Kamala Harris was the last Californian to serve on the Senate Intelligence Committee. Now that she's Vice President, however, she represents the entire nation, not just one state. It's fair to say she brings her deeply rooted California perspective to the executive branch. In that case, expect President Biden to bring a Delaware perspective to the country's foreign policy, too. Lucky Delaware (population 1 million). You also have Senator Chris Coons on the Foreign Affairs Committee.

Maryland is also lucky. The current chairman of the Secretary of State is Senator Ben Cardin, who was joined on the committee by Maryland's junior senator, Chris Van Hollen. Maryland and Delaware are overrepresented in the exclusive secretaries of state club; California is excluded from members-only meetings.

California Governor Gavin Newsom points out that the 22 least populated states have a combined population of nearly 40 million in California, meaning that 44 senators in the U.S. Senate have as much or more influence as California's two senators.

And what about the House? Until recently, Californian congressmen played a significant role in foreign policy. California's House Speakers Nancy Pelosi and Kevin McCarthy were part of the bipartisan “Gang of Eight” – a group with access to the most sensitive intelligence information in the country. Today, none of them are Californians. None are from west of the Rockies. Californians sit on the House committees that deal with foreign policy – Armed Services, Intelligence and Foreign Affairs – but none are chairmen or ranking members. Representative Adam Smith of Washington, ranking member of the House Armed Services Committee, is the only West Coast resident in the leadership of those three committees.

West Coast awareness and preferences are further diluted by the dominant national media institutions based in DC and New York. Broadcast networks and surviving print media feed and reflect East Coast prejudices and often characterize West Coast concerns and interests as quaint or quirky.

Conversely, California’s largest newspapers are headquartered in New York due to the problems of the local media. With all due respect and Washington monthlyAs a former president and publisher, I understand and appreciate the success and power of East Coast media and its dominance of the national debate. It does not adequately represent a rapidly changing American nation and the current geopolitical challenges from California's Central American neighborhood and the Indo-Pacific. The Council on Foreign Relations and the Asia Society remain on New York's East Side and are unlikely to migrate to California anytime soon.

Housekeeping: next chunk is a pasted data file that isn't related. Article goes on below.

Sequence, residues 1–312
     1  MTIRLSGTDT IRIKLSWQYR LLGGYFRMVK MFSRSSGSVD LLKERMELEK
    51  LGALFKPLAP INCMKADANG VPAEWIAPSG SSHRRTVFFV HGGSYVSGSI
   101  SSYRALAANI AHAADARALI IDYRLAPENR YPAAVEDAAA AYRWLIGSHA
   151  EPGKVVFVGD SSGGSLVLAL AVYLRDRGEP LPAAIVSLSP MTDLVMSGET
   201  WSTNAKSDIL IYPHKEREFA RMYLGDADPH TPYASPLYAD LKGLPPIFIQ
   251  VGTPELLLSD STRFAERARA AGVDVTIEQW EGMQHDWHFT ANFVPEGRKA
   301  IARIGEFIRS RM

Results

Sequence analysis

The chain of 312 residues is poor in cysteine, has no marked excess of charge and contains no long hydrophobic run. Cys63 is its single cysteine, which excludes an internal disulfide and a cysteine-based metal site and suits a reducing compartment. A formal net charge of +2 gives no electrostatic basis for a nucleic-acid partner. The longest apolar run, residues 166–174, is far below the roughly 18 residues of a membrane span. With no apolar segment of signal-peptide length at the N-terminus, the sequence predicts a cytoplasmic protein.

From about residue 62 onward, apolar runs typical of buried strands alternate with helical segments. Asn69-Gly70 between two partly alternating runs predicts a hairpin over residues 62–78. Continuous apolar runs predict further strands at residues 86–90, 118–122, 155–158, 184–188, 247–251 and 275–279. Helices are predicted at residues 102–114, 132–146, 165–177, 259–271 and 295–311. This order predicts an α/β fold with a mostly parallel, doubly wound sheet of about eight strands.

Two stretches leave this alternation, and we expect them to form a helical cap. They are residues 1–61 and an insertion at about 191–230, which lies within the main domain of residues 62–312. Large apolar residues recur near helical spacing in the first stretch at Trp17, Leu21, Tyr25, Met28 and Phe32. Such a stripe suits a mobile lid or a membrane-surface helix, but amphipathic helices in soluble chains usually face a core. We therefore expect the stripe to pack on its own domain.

What needs to be done?

It is up to the leadership of the U.S. Senate to restore balance and understand the need to have California represented on these important committees. (That is true as long as the Senate remains Democratic.) Seniority may still be crucial, but the Senate must first understand the importance of having a representative West Coast voice heard in its body and within the global community. California will have a new U.S. Senator in 2025. He should be appointed to one of the three foreign affairs committees.

Moreover, much of the media power concentrated on the East Coast needs to do more than parachute in reporters or set up smaller outposts in Sacramento, San Francisco, Los Angeles, Silicon Valley or on the U.S.-Mexico border. A stronger presence and interest in what's happening here – and who's doing it – will help Washington policymakers interpret and make clear the future of Sino-U.S. relations or global technology policy.

The most populous, wealthiest, most innovative, most diverse, and most internationally touristic state in the United States needs greater formal influence over the global policy decisions made in Washington, DC. America must hear and heed the perspectives of its most economically dynamic and globalized state. The U.S. Senate marginalizes or ignores California, the world's largest minority-majority democracy, at its peril.

Anna Harden